System Design using 8086: Maximum mode 8086 system and timings
In the maximum mode, the 8086 is operated by strapping the MN/MX* pin to ground. In this mode, the processor derives the status signals S2*, S1* and S0*. Another chip called bus controller derives the control signals using this status information. In the maximum mode, there may be more than one microprocessor in the system configuration.
The basic functions of the bus controller chip IC8288, is to derive control signals like RD* and WR* (for memory and I/O devices), DEN*, DT/R*, ALE, etc. using the information made available by the processor on the status lines. The bus controller chip has input lines S2*, S1* and S0* and CLK. These inputs to 8288 are driven by the CPU. It derives the outputs ALE, DEN*, DT/R*, MWTC*, AMWC*, IORC*, IOWC* and AIOWC*. The AEN*, IOB and CEN pins are especially useful for multiprocessor systems. AEN* and IOB are generally grounded. CEN pin is usually tied to +5V.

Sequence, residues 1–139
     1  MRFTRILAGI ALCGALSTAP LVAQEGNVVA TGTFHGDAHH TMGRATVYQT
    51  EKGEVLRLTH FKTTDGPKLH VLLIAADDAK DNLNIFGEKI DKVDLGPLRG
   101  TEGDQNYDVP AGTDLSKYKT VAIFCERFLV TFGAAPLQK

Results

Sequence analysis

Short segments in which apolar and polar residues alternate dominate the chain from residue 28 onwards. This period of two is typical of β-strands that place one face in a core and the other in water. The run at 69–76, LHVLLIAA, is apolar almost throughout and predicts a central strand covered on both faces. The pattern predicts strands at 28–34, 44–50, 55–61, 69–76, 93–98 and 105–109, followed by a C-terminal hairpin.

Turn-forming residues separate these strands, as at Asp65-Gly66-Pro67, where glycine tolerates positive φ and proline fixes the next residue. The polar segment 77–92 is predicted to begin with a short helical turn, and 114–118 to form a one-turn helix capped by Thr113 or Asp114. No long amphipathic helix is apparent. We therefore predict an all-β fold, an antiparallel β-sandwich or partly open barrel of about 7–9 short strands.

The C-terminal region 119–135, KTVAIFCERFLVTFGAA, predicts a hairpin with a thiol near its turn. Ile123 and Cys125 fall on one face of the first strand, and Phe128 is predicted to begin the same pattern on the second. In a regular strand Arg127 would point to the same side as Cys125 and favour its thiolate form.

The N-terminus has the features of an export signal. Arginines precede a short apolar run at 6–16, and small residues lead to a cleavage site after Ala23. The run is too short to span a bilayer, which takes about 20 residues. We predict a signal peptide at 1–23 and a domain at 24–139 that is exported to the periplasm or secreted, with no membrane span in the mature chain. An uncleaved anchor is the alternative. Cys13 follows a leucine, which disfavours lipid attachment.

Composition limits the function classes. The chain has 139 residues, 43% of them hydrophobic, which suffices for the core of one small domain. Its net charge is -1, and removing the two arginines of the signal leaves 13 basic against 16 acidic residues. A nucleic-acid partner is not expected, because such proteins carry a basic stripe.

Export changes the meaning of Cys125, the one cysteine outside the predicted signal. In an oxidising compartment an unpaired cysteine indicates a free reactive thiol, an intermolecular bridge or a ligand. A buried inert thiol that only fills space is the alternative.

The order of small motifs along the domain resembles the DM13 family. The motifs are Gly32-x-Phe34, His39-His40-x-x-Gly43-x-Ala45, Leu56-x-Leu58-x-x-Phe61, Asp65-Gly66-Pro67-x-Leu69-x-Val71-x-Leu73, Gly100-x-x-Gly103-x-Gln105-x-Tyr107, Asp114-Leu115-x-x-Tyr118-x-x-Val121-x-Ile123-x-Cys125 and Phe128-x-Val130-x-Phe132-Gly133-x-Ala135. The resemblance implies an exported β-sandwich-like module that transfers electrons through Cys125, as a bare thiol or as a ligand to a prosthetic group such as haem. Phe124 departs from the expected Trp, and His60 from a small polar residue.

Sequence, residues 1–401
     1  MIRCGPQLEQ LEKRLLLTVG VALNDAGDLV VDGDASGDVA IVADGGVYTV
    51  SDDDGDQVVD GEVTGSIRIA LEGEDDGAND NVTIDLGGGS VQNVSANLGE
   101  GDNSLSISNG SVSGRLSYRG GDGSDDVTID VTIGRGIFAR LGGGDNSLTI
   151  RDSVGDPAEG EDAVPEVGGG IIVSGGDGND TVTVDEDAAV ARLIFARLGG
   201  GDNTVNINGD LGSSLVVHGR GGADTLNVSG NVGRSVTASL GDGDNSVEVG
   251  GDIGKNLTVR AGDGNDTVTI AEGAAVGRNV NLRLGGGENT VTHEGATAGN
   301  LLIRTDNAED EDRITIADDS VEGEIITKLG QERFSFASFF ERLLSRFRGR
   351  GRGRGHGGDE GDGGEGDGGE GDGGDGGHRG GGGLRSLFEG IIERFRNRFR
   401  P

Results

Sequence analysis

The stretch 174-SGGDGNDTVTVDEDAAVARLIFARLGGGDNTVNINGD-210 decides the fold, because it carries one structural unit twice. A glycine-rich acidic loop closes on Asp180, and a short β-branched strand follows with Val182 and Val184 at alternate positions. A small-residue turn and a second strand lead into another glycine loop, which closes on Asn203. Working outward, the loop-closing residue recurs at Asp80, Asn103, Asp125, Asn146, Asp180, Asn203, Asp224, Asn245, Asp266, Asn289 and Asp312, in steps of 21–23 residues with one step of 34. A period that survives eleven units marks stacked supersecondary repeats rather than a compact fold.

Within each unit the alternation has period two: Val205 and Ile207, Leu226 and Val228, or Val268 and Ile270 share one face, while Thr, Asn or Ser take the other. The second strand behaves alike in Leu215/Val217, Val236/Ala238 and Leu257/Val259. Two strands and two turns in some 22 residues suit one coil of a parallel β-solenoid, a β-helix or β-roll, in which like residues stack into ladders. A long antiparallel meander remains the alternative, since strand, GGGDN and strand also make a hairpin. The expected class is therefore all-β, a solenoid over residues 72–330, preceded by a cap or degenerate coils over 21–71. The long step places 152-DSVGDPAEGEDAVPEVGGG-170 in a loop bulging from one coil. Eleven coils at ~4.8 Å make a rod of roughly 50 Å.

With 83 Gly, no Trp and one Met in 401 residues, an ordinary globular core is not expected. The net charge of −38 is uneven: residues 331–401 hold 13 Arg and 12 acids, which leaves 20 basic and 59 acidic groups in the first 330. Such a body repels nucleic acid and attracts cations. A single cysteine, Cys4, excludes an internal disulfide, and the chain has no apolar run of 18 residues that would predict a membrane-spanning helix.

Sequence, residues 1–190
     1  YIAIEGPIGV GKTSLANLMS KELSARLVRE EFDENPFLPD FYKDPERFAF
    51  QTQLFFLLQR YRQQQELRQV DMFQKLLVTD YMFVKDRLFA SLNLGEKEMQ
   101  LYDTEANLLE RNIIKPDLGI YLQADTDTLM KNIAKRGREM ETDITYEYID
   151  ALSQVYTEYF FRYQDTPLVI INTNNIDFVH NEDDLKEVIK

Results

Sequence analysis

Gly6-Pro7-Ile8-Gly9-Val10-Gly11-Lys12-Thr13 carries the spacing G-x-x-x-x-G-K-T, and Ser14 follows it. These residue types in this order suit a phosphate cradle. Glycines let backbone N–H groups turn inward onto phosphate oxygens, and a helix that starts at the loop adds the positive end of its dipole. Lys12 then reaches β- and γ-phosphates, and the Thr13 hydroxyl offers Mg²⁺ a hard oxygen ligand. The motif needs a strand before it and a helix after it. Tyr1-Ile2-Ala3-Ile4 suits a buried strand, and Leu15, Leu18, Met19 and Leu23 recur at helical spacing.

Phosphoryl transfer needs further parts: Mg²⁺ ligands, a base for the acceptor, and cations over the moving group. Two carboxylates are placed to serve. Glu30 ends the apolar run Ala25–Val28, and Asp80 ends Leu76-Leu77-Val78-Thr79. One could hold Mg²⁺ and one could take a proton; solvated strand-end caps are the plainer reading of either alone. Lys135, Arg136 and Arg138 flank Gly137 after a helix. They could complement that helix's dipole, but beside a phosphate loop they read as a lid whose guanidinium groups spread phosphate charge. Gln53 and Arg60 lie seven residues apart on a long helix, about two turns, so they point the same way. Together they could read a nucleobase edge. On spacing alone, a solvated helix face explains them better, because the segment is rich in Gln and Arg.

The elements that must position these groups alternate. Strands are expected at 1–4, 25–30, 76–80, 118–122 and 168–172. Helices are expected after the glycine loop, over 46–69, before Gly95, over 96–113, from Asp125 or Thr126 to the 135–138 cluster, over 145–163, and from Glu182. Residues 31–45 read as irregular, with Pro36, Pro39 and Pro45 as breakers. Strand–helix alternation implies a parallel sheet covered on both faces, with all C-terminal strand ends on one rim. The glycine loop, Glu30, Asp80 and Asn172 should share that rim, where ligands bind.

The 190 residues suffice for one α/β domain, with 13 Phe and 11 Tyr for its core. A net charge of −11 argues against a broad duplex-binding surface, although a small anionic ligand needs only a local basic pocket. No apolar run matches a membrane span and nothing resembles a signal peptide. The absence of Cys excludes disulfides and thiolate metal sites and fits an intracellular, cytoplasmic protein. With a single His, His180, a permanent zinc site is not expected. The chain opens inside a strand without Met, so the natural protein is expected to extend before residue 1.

The significance of the MCE/PDEN* output depends upon the status of the IOB pin. If IOB is grounded, it acts as master cascade enable to control cascaded 8259A; else it acts as peripheral data enable used in the multiple bus configurations.
INTA* pin is used to issue two interrupt acknowledge pulses to the interrupt controller or to an interrupting device.
IORC*, IOWC* are I/O read command and I/O write command signals respectively.
These signals enable an IO interface to read or write the data from or to the addressed port. The MRDC*, MWTC* are memory read command and memory write command signals respectively and may be used as memory read and write signals. All these command signals instruct the memory to accept or send data from or to the bus.
For both of these write command signals, the advanced signals namely AIOWC* and AMWTC* are available. They also serve the same purpose, but are activated one clock cycle earlier than the IOWC* and MWTC* signals, respectively. The maximum mode system is shown in fig. 2.1.
The maximum mode system timing diagrams are also divided in two portions as read (input) and write (output) timing diagrams. The address/data and address/status timings are similar to the minimum mode. ALE is asserted in T1, just like minimum mode. The only difference lies in the status signals used and the available control and advanced command signals. The fig. 1.2 shows the maximum mode timings for the read operation while the fig. 1.3 shows the same for the write operation.
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